In our last post Frank Lewis explained the qualities and attributes of a good company Chair and non-executive. Sadly not everyone manages to live up to these standards and the consequences for both the company and individual concerned can be significant – as vividly demonstrated in a case last year.
The case involved amendments to the service contracts of two executive directors of Newcastle Airport, in particular the addition of provisions entitling them to bonuses on a refinancing. Although the company had a remuneration committee made up of its five non-executive directors, the solicitors engaged to carry out the necessary work took their instructions from the executives themselves on the basis that the Chair of the remuneration committee had authorised them to instruct the solicitors.
The final drafts of the amended contracts were sent to the Chair for review, although it was not clear on the face of those documents exactly what amendments had in fact been made. The Chair said she reviewed the contracts and signed them on the basis that they were in accordance with the principles agreed by the remuneration committee.
It subsequently came to light that the bonuses payable to the two executives were substantially higher than expected – some £8 million, described in the Newcastle press at the time as a ‘bonanza’.
The company brought a claim against its solicitors in an attempt to recover some of its loss.
Whose fault was it?
The Court of Appeal held that the solicitors had indeed breached their duty of care to the company by failing to properly explain to the Chair the amendments that had been made to the service contracts. When the final versions were sent to her for signing they should have been accompanied by a summary explaining, in user-friendly language, the material changes to the contracts.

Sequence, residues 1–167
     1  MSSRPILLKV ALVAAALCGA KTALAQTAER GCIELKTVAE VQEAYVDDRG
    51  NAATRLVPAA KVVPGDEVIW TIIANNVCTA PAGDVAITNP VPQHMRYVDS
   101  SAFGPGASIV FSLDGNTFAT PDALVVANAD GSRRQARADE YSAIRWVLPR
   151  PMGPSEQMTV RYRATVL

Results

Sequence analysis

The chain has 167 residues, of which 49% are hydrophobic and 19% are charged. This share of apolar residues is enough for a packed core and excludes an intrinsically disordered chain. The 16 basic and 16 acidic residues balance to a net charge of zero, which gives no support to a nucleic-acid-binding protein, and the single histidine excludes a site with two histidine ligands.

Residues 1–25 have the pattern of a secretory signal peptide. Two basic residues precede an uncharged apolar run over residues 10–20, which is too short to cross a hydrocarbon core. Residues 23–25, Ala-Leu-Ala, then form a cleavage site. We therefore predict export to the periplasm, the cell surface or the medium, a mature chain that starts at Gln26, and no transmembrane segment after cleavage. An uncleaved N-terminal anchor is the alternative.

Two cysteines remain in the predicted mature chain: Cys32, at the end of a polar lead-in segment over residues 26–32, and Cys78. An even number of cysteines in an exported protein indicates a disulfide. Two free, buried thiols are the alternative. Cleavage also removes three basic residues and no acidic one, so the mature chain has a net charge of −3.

So, it was all the solicitors’ fault then? Not exactly…
The Chair’s failure
Crucially, the court went on to consider whether an appropriate summary provided by the solicitors would have been properly read and understood by the Chair. And here the company was badly let down by the performance of its non-executive. She was described by the court as having a “blind spot of massive proportions” when it came to her role as Chair of the remuneration committee. She either didn’t bother to read documents or read them in such a superficial manner that she failed to understand them.
Therefore, even if the solicitors had provided the required summary it was likely that the Chair would have misread it, assuming it met her own existing misconceptions about how the bonus payments worked. The company’s loss was therefore not caused by the solicitors’ breach of duty but by the failings of its own non-executive and, as a result, the company was awarded nominal damages of just £2.
Lessons for non-execs
This case is a wake-up call for anyone who believes a non-executive appointment is a meal ticket to a ‘portfolio CV’. Non-executives are subject to the same fiduciary duties as executive directors and must perform their duties with appropriate diligence and skill, acting in the best interests of the company.